Cystitis in dogs has been associated with Arcanobacterium pyogenes and a Nocardia-like organism, which most likely represents A. turicensis, a common isolate from urogenital tract infections.18,83,86,149 Actinomycotic endocarditis has been reported in dogs.85,170 In human patients, actinomycotic endocarditis is frequently associated with thromboembolic complications.118


Pyothorax is perhaps the most common disorder in cats from which Actinomyces spp. are isolated, followed by subcutaneous bite wound abscesses, peritonitis, and meningitis.110,111 Abscesses may have a malodorous, yellow to sanguineous exudate, and Actinomyces spp. are generally mixed with one to five other pathogens. Intra-abdominal masses have been reported in cats.90,155 Involvement of the cervicofacial region,36,104,104 thoracic cavity,77 and subcutaneous tissue with extension to the spinal canal17,164 has been reported. Otitis externa associated with Arcanobacterium pyogenes infection has been reported in a cat.18 Underlying retroviral infection is uncommonly reported and does not appear to predispose to disease.


Clinical Laboratory Findings

Hematologic test results in animals with actinomycosis vary according to the location, extent, and duration of disease. Animals with extensive, chronic disease have mild to moderate nonregenerative anemia, leukocytosis with a mild to moderate left shift and monocytosis, hypoalbuminemia, and hyperglobulinemia, which may be marked. Dogs with body cavity effusions may be hypoglycemic. Aspirates of abscesses or effusions transtracheal or bronchoalveolar lavages, and samples of cerebrospinal fluid (CSF) often reveal a suppurative to pyogranulomatous inflammatory response (greater than 75% neutrophils). Total protein in pleural fluid is generally above 3.0 g/dL, with erythrocyte and nucleated cell counts often exceeding 70,000 cells/µL. The protein and cell content of abdominal fluid tends to be slightly lower. The result of CSF analysis in dogs and cats with cerebral actinomycosis typically yields elevated protein concentrations and highly cellular fluid that may resemble pus grossly. Aspirates of firm masses may yield only blood. In some specimens, especially those from effusions, sulfur granules are visible macroscopically or microscopically (see Fig. 47-1). Organisms are not always identified within pleural, peritoneal, or CSF samples. When present, the filamentous rods suggestive of Actinomyces spp. may be present, or other “companion” microorganisms may be visualized. Sometimes, mixed bacterial populations containing rods and cocci may be seen. The actinomycetes are gram-positive, non-acid-fast filamentous organisms that are occasionally branched (Fig. 47-3). The filaments are less than 1 µm wide, vary considerably in length, and can stain irregularly, producing a beaded appearance.23,35,58,74,93 Nocardia spp., Corynebacterium spp., and Filifactor villosus can be confused with Actinomyces species.111,180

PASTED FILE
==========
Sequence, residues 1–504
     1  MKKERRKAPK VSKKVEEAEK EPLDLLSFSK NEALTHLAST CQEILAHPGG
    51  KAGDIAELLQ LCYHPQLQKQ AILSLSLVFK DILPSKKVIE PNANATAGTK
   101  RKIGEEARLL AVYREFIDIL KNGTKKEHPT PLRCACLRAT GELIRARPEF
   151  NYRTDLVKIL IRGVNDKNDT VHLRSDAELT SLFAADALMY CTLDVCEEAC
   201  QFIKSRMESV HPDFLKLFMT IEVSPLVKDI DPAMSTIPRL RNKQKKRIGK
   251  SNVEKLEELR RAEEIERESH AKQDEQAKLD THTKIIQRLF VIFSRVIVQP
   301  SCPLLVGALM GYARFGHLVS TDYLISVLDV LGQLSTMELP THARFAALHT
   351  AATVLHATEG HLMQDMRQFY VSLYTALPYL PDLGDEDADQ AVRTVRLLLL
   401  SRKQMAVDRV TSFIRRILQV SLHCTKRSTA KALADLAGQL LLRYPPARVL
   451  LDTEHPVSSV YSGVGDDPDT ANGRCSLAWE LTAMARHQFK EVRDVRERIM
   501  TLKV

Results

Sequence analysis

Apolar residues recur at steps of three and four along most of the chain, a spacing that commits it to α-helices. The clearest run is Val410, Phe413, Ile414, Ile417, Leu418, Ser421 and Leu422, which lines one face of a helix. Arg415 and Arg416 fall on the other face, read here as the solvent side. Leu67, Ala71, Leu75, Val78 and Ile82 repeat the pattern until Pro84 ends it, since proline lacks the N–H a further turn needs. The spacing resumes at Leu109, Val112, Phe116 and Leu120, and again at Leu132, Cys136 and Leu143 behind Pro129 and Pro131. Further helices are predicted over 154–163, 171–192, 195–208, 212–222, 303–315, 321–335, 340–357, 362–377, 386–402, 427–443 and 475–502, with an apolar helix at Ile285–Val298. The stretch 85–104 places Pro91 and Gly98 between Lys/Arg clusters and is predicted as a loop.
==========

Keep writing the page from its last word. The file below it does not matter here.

Bacterial Isolation and Identification